My Finder toolbar

When I set up my new MacBook Air late last fall, I wanted it to have a better Finder toolbar than the iBook G4 it replaced. The iBook’s Finder toolbar had accreted some utilities that I never used anymore and some that didn’t work too well—they just sat in the toolbar as a testament to my inertia and laziness.

Here’s what I’m using now:

Finder toolbar

The buttons on the left are just the standard ones provided by Apple. Then come the three I added. All of them were installed by simply dragging an application icon from the Applications folder onto the toolbar.


Clicking the TextMate button will launch TextMate if it’s not running, or will switch to it if it is running—neither of which are what I use it for. What I do is drag files from the Finder window and drop them on the button to get them to open in TextMate. This is very handy for text files that don’t have an extension mapped to TextMate already.

Update 6/18/11
On the advice of Allen MacKenzie in the comments, I installed Henrik Nyh’s Open in TextMate script. (How did I miss this when I was on his site downloading the LSelect utility?) Not only does it have a button-like icon that looks better in the toolbar, it also works better than the button you get by simply dragging the TextMate application icon to the toolbar.

New Finder Toolbar

Clicking the new button will open the selected file(s) in TextMate. Selecting files and clicking the button can be a bit easier than dragging (although dragging still works), especially on a laptop where it’s easy to “drop” the files before you get to the button.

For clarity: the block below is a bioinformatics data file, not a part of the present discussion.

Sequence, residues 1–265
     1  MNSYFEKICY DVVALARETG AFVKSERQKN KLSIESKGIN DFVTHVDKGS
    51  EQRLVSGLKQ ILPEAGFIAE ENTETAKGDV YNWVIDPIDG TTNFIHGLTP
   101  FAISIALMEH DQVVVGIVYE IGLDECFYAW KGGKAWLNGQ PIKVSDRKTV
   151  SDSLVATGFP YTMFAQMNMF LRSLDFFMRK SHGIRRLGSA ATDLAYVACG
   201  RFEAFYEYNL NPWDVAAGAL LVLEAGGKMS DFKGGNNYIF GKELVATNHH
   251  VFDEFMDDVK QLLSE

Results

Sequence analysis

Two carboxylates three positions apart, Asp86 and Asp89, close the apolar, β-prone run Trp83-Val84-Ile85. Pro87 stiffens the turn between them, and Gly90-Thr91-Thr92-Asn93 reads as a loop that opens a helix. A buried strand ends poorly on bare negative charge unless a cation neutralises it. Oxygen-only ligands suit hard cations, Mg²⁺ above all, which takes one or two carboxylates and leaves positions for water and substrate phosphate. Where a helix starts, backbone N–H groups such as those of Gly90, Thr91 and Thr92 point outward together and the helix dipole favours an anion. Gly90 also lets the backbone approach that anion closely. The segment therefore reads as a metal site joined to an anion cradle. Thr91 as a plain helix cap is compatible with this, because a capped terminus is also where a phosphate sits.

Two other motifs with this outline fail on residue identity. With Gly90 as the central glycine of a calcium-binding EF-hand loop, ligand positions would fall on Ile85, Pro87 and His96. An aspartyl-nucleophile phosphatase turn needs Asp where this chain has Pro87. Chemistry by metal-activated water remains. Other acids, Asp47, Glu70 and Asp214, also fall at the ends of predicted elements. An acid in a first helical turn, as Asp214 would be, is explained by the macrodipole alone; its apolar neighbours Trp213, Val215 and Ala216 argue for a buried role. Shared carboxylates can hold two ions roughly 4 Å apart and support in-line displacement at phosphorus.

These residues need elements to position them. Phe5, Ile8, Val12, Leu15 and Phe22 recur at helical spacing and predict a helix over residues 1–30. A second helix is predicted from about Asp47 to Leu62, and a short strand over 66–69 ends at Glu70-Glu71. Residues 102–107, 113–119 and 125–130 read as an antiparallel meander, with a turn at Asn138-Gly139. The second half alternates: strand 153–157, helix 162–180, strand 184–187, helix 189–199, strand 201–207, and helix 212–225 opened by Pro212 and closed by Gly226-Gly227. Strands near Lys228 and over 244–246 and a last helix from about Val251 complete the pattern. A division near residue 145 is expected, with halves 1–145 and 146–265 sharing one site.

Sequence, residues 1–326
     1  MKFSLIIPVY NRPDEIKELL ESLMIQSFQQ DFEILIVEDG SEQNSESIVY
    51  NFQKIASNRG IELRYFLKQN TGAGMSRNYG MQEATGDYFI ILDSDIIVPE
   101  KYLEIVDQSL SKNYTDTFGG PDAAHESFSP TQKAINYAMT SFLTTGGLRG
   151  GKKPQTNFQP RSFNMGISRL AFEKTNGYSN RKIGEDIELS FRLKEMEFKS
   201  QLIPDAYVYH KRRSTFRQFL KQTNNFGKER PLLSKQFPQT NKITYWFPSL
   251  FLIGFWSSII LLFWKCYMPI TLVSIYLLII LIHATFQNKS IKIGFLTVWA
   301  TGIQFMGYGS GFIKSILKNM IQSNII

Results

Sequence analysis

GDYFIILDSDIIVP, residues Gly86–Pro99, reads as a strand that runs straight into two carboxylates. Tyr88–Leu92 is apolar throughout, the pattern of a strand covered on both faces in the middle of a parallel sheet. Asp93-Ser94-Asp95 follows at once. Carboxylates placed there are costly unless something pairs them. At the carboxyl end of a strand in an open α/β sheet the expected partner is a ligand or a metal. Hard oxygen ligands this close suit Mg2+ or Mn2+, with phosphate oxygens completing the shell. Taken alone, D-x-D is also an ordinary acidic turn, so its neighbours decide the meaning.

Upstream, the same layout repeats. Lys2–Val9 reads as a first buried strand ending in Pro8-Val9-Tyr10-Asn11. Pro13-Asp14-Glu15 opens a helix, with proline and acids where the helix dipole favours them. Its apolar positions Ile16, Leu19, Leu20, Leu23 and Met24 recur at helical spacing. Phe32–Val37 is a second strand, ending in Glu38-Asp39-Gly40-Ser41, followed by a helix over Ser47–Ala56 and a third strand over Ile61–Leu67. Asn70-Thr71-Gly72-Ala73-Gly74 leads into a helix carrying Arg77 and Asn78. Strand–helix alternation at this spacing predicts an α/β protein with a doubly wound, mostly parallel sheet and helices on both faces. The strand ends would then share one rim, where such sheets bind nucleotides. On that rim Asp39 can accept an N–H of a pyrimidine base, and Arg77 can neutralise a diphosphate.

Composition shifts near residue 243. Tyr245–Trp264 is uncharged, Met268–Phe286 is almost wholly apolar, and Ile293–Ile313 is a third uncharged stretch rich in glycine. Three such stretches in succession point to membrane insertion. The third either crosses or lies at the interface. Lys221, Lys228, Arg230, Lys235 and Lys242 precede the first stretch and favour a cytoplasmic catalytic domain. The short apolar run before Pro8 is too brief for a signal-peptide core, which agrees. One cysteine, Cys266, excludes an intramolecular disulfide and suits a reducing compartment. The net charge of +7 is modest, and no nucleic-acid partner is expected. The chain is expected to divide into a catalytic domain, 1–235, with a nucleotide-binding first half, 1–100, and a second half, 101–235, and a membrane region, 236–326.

Even better, if you click the button when no files are selected, all the files in the folder are opened in a TextMate project. Perfect.


Clicking on the button with the asterisk launches a program called LSelect, written by Jim DeVona. I use a customized version from Henrik Nyh, which provides the nice toolbar button icon.

LSelect is a GUI file globbing utility. Launching it brings up a little window where you enter a filename pattern using the same symbols you’d use in a Terminal window: ? for a single unknown character, * for a run of unknown characters, and [] to enclose a set of possible characters. LSelect (the name is a play on the ls shell command) then selects all the files in the Finder window that match the pattern. It’s a nice way to combine the power of the command line with the direct manipulation of the Finder.

LSelect window

The patterns LSelect uses are simple, just like those in the shell. If you want a full set of Perl regular expressions at your disposal, you should look into Daniel Jalkut’s Select Regular Expression AppleScript. Daniel expects it to be run via FastScripts, but I suspect you could turn it into an application and add it to the Finder toolbar if you wanted to.

I prefer to stick with the simpler shell globbing patterns, mainly because I do a lot of work in the Terminal and I like the idea of using the same patterns in both places.


And speaking of the Terminal, clicking last button launches ShellHere, an application by John Daniel that opens a Terminal window with the current working directory set to the directory shown in the Finder window. It’s an improvement on Marc Liyange’s venerable Open Terminal Here script, which has always had the unfortunate tendency to open more than one Terminal window when invoked.

The idea of ShellHere is to avoid having to cd through multiple directories just to get to a folder level that’s already showing in the Finder. It gives normal Finder users the same quick access to the shell that Visor and PathFinder users take for granted.

My ulterior motive

My iMac at work is also getting a little long in the tooth and has accumulated a few Finder toolbar buttons I no longer use. Since I seldom have the MB Air with me at the office, I can never remember which applications will give me the buttons I want. My main purpose in writing this was to give myself a reminder of what to install at work.

If it helps you out, that’s nice, too.